1660254025307 Thoughtbulbsmarthero

How to smarten up enclosures

Jan. 22, 2020
A look at how Bechtel Oil and Gas proved out before standardizing on ready-made intelligent enclosures with configurable I/O

There's been a subtle shift in the market from conventional I/O to universal I/O. The savings on labor and materials seemed obvious, but Bechtel Oil and Gas decided to prove it out before standardizing on ready-made intelligent enclosures with configurable I/O. An internal study revealed 15-30% savings on each Bechtel LNG project. “We get to see a lot of new technologies,” said Robert Resendez, control and automation team manager, Bechtel Oil and Gas, who spoke about his company’s implementations at Schneider Electirc’s Innovation Days in Austin, Texas. “We get to implement a lot of new technologies.”

In 2013, Bechtel had just come off of seven LNG projects. “One of the biggest challenges was design development because of the changes,” explained Resendez. “We were at the factory acceptance test (FAT) for eight to 12 months on all of them because of design development. What could we do to fix this problem? Universal I/O was a no-brainer. I don’t have to increase cabinet size. The marshaling cabinets were the big changer because we didn’t have to rewire.”

The obvious savings came to light immediately, but Bechtel wanted to know the overall impact on costs. The new system also increased certain costs, but the net effect was evident. “In 2013, we started vetting the systems and looking at them from an engineering standpoint,” said Resendez. “In the conventional system, we had a cabinet and then each I/O had to go to a marshaling cabinet, then out to intermediate junction boxes and then copper cable out to the instruments. This is the standard.”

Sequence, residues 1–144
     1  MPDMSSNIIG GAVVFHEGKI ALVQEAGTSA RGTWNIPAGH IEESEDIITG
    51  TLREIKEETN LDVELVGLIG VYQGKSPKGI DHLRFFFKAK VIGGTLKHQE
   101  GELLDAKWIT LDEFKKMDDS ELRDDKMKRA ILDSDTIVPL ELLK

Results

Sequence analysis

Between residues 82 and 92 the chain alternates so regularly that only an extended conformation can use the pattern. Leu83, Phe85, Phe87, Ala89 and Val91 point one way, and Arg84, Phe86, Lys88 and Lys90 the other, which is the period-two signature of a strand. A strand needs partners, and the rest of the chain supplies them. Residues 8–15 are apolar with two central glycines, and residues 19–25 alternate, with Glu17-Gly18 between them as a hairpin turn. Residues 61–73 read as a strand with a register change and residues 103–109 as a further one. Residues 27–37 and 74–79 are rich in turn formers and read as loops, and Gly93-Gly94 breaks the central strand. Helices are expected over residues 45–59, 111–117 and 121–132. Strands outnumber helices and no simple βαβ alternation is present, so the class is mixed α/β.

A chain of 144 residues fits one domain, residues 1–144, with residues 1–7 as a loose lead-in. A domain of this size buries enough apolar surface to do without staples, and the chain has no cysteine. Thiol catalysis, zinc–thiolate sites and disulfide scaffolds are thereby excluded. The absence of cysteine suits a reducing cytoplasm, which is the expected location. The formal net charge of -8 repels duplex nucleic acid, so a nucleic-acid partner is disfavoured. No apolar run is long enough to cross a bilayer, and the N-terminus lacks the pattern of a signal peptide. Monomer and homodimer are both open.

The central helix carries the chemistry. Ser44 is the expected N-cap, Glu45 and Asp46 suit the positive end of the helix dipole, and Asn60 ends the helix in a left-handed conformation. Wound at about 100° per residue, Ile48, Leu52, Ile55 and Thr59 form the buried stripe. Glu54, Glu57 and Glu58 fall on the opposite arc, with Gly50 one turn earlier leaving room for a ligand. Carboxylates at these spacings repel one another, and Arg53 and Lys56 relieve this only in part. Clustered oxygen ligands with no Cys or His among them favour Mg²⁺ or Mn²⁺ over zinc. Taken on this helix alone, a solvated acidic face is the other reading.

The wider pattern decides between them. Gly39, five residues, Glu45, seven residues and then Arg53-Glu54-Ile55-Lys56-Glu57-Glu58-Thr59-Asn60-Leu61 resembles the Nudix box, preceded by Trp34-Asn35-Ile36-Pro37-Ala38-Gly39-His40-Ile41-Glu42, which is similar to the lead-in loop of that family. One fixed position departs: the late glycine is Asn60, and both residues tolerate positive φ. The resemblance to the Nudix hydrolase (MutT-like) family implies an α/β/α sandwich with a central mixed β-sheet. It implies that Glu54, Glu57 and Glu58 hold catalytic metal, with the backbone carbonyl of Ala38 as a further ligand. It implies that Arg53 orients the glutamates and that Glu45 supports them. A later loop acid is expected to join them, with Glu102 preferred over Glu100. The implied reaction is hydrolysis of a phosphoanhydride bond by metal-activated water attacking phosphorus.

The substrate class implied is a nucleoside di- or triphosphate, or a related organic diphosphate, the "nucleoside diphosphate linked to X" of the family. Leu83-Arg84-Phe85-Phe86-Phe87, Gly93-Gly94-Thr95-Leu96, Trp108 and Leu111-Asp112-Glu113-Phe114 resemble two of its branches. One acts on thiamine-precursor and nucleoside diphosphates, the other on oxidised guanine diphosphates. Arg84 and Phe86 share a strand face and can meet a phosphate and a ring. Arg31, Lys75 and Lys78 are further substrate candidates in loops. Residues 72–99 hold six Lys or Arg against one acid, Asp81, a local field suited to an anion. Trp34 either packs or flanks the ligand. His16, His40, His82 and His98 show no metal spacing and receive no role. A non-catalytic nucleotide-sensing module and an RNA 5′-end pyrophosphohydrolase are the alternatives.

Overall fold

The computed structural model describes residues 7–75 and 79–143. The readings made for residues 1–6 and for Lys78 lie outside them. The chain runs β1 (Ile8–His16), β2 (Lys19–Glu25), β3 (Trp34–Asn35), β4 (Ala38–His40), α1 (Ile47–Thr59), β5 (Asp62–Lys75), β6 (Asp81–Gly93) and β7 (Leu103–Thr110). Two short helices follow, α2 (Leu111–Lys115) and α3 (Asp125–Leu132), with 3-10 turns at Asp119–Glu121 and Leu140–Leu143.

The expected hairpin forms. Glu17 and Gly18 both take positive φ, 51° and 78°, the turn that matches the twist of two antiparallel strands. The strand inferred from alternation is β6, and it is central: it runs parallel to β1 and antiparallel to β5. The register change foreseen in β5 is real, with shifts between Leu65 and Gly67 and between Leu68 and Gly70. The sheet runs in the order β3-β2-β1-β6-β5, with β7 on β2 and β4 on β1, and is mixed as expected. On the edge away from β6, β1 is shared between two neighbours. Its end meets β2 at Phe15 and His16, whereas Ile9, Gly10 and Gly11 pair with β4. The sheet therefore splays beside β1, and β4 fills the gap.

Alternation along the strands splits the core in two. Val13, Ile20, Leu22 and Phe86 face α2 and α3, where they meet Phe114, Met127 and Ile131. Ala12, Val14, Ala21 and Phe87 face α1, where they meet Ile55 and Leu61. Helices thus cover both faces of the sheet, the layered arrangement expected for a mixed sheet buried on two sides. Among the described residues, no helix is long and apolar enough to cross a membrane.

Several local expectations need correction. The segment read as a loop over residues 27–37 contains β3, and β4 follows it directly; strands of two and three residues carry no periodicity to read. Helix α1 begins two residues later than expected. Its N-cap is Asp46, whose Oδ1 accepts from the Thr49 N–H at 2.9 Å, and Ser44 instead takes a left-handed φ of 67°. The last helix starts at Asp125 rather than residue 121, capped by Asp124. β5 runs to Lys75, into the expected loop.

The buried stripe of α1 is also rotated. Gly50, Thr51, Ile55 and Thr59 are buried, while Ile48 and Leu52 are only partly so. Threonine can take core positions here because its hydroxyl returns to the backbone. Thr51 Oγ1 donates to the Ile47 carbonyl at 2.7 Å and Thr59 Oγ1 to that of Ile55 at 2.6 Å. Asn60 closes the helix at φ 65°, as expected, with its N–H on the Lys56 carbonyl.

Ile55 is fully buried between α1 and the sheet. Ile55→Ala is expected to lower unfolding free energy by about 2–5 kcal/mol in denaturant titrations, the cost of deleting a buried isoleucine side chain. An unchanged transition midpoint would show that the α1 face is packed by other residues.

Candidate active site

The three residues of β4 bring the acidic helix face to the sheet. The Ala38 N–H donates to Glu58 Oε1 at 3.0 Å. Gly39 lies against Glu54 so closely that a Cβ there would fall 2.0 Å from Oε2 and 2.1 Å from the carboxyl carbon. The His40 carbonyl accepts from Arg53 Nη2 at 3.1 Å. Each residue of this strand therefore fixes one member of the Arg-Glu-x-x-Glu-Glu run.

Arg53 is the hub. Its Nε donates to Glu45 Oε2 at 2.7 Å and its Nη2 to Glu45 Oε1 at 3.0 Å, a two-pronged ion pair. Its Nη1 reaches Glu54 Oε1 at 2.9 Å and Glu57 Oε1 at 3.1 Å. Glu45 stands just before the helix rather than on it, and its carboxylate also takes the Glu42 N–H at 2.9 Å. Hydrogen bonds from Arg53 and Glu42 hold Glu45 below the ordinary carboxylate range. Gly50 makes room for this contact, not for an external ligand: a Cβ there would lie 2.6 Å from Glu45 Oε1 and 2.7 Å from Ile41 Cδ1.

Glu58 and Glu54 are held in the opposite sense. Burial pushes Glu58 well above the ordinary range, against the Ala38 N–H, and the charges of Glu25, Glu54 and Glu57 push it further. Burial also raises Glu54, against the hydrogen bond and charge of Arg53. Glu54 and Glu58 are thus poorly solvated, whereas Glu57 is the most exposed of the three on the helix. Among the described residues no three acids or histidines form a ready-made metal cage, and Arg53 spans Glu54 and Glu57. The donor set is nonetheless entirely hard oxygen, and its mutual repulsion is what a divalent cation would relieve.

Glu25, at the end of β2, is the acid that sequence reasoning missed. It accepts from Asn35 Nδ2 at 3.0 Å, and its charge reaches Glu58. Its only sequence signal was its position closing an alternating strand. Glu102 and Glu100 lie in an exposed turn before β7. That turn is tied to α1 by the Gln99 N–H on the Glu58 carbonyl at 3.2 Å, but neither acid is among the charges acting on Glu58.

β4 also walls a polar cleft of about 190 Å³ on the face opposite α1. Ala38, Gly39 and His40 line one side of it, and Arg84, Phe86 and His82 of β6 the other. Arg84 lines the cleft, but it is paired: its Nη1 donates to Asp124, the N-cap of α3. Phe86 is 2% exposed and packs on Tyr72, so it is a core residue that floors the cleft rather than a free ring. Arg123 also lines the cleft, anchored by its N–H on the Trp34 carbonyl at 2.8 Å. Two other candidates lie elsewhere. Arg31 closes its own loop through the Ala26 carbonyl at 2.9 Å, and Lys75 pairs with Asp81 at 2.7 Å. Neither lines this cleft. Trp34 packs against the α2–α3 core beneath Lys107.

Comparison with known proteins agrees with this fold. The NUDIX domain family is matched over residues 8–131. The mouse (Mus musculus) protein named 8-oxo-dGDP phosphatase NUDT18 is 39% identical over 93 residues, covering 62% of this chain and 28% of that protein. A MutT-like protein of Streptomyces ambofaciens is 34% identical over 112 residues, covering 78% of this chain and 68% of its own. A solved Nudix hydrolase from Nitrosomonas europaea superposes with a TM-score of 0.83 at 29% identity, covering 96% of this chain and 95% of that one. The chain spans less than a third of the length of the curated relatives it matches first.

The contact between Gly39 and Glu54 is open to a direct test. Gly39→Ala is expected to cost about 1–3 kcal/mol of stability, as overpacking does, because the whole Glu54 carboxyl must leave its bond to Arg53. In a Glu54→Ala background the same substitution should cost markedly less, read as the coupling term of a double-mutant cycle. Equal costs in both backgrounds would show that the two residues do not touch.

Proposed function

With the remote I/O, the intermediate junction boxes were replaced with intelligent enclosures. “All the I/O is now moved out to the eld,” explained Resendez. “The connection back is now fiberoptic cable, so we’ve reduced the cable size and the structure by eliminating the copper cable. And the marshaling cabinets have all but gone away.”

Bechtel took a project it had just completed with 2,253 I/O signals going to four buildings. “We had an I/O rack room, a utility substation, compressor substation and propane condenser substation,” said Resendez. “We replaced the junction boxes with the smart enclosures. Eighty eld junction boxes were replaced with 39 Smart I/O boxes.” The majority of homerun cabling was eliminated, reducing 195 homerun cables to 16 cables.

“We eliminated 21,000 homerun cable terminations,” said Resendez. “We eliminated almost 2 million linear feet of cable. We eliminated all 23 marshaling cabinets, and DCS cabinets went from eight to five. Because we eliminated cabinets, we reduced the footprint from 864 sq ft to 234 sq ft. In some other projects, we’ve eliminated a whole building.”

About the author: Mike Bacidore
About the Author

Mike Bacidore | Editor in Chief

Mike Bacidore is chief editor of Control Design and has been an integral part of the Endeavor Business Media editorial team since 2007. Previously, he was editorial director at Hughes Communications and a portfolio manager of the human resources and labor law areas at Wolters Kluwer. Bacidore holds a BA from the University of Illinois and an MBA from Lake Forest Graduate School of Management. He is an award-winning columnist, earning multiple regional and national awards from the American Society of Business Publication Editors. He may be reached at [email protected] 

Sponsored Recommendations

2024 State of Technology Report: PLCs & PACs

Programmable logic controllers (PLCs) have been a popular method of machine control since the PLC was invented in the late 1960s as a replacement for relay logic. The similarly...

Power Distribution Resource Guide

When it comes to selecting the right power supply, there are many key factors and best practices to consider.

Safe Speed and Positioning with Autonomous Mobile Robots

Here are some tips for ensuring safe speed and positioning for AMRs using integrated safety technology – many of these tips also apply to automated guided vehicles (AGVs).

Faster, Accurate and Reliable Motion Control With Advanced Inductive Technology

This white paper describes new technology offering improved position measurement capabilities in reliability, speed, accuracy and more.